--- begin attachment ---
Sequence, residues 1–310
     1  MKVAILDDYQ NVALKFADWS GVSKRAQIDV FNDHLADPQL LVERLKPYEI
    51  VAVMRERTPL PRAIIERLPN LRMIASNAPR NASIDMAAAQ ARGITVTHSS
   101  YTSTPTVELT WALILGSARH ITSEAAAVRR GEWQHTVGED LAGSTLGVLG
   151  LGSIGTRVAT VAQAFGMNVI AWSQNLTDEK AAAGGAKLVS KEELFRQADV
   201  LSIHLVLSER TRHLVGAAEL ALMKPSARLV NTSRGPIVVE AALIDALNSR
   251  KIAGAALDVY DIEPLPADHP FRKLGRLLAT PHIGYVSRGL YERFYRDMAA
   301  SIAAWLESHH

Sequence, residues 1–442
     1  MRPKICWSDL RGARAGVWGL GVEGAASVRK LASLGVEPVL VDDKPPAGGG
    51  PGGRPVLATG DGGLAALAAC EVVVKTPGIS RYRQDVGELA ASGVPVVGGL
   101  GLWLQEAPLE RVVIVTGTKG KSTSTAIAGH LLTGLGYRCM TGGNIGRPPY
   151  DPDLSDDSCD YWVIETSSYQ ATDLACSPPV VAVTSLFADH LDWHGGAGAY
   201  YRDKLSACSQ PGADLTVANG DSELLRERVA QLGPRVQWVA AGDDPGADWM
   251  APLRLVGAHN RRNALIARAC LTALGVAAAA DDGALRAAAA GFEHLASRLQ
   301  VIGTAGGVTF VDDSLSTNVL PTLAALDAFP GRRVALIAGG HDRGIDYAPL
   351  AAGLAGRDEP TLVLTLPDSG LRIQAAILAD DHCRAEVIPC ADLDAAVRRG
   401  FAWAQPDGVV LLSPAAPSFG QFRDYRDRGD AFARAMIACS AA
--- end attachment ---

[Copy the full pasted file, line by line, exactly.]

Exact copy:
Sequence, residues 1–310
     1  MKVAILDDYQ NVALKFADWS GVSKRAQIDV FNDHLADPQL LVERLKPYEI
    51  VAVMRERTPL PRAIIERLPN LRMIASNAPR NASIDMAAAQ ARGITVTHSS
   101  YTSTPTVELT WALILGSARH ITSEAAAVRR GEWQHTVGED LAGSTLGVLG
   151  LGSIGTRVAT VAQAFGMNVI AWSQNLTDEK AAAGGAKLVS KEELFRQADV
   201  LSIHLVLSER TRHLVGAAEL ALMKPSARLV NTSRGPIVVE AALIDALNSR
   251  KIAGAALDVY DIEPLPADHP FRKLGRLLAT PHIGYVSRGL YERFYRDMAA
   301  SIAAWLESHH

Sequence, residues 1–442
     1  MRPKICWSDL RGARAGVWGL GVEGAASVRK LASLGVEPVL VDDKPPAGGG
    51  PGGRPVLATG DGGLAALAAC EVVVKTPGIS RYRQDVGELA ASGVPVVGGL
   101  GLWLQEAPLE RVVIVTGTKG KSTSTAIAGH LLTGLGYRCM TGGNIGRPPY
   151  DPDLSDDSCD YWVIETSSYQ ATDLACSPPV VAVTSLFADH LDWHGGAGAY
   201  YRDKLSACSQ PGADLTVANG DSELLRERVA QLGPRVQWVA AGDDPGADWM
   251  APLRLVGAHN RRNALIARAC LTALGVAAAA DDGALRAAAA GFEHLASRLQ
   301  VIGTAGGVTF VDDSLSTNVL PTLAALDAFP GRRVALIAGG HDRGIDYAPL
   351  AAGLAGRDEP TLVLTLPDSG LRIQAAILAD DHCRAEVIPC ADLDAAVRRG
   401  FAWAQPDGVV LLSPAAPSFG QFRDYRDRGD AFARAMIACS AA